While science can explain much about the biological aspects of the human mind, addressing the existence of an immortal soul is beyond the scope of scientific inquiry. Since spiritual matters are not repeatable events, scientists cannot form a falsifiable theory. Science can come only so far in understanding human life. Supernatural by definition means above or beyond what is natural. Thus, spiritual matters are above and beyond that which science can fully explain. In Isaiah 55:8,9, we find this concept described in eloquent words, “ ‘For my thoughts are not your thoughts, neither are your ways my ways,’ declares the Lord. ‘As the heavens are higher than the earth, so are my ways higher than your ways and my thoughts than your thoughts.’ ”


Armed with a little knowledge and a dose of discernment, a wise pastor can read the latest science news and know where to draw the appropriate line between science and spiritual matters. Tossing aside junk science, perhaps you will find a useful tidbit with which to enliven your Sunday morning’s message or a scientific anecdote for a counseling session. Most important, you will avoid using a weak argument from an imperfect scientific study to uphold a strong faith. Biblical Christianity is like a well-constructed, solid chair. A chair that sits firmly does not require an additional wobbly chair leg placed under it to make it sturdier. The wobbly chair leg would only detract from the grace and strength of the chair. Many times this is the case when pastors inadvertently use poor illustrations from the world of science as an apologetic.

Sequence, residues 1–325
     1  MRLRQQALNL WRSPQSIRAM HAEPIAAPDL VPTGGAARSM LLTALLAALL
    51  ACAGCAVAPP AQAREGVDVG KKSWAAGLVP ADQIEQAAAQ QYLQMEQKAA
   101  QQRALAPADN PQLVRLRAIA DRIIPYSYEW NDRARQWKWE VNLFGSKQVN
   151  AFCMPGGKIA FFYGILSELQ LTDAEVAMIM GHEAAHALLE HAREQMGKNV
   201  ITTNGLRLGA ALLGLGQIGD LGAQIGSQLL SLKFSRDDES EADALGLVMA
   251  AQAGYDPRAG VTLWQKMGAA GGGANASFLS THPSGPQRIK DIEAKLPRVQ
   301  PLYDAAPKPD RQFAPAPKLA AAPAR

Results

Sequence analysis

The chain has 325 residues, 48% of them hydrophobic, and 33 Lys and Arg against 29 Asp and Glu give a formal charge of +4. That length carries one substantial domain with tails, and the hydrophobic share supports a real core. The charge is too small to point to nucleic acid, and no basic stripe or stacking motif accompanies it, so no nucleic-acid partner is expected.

As you minister, may the Lord bless you with a cheerful heart that is good medicine (Proverbs 17:22), and may every Sunday bring you the same health benefits your flock experiences as they sit in the pews.


1. A.M. McCaffrey et al., “Prayer for health concerns: results of a national survey on prevalence and patterns of use,” Arch Intern Med. 164, No. 8 (2004): 858–62.

2. W.S. Harris et al., “A randomized, controlled trial of the effects of remote, intercessory prayer outcomes in patients admitted to the coronary care unit,” Arch Intern Med. 159, No. 19 (1999): 2273–2278.

3. K.Y. Cha and D.P. Wirth, “Does prayer influence the success of in vitro fertilization-embryo transfer? Report of a masked, randomized trial.” J Reprod Med. 46 (2001): 781–787.

4. D. Oman et al., “Religious attendance and cause of death over 31 years,” Int. J. Psychiatry Med. 32, No. 1 (2002): 69–89.

5. R.F. Gillum et al., “Frequency of attendance at religious services and mortality in a U.S. national cohort,” Ann Epidemiol. 18, No. 2 (2008): 124–129.

6. H.G. Koenig et al., “The relationship between religious activities and blood pressure in older adults,” Int. J. Psychiatry Med. 28, No. 2 (1998): 189–213.

7. S.R. Varon and A.W. Riley, “Relationship between maternal church attendance and adolescent mental health and social functioning,” Psychiatr Serv. 50 (1999): 799–805.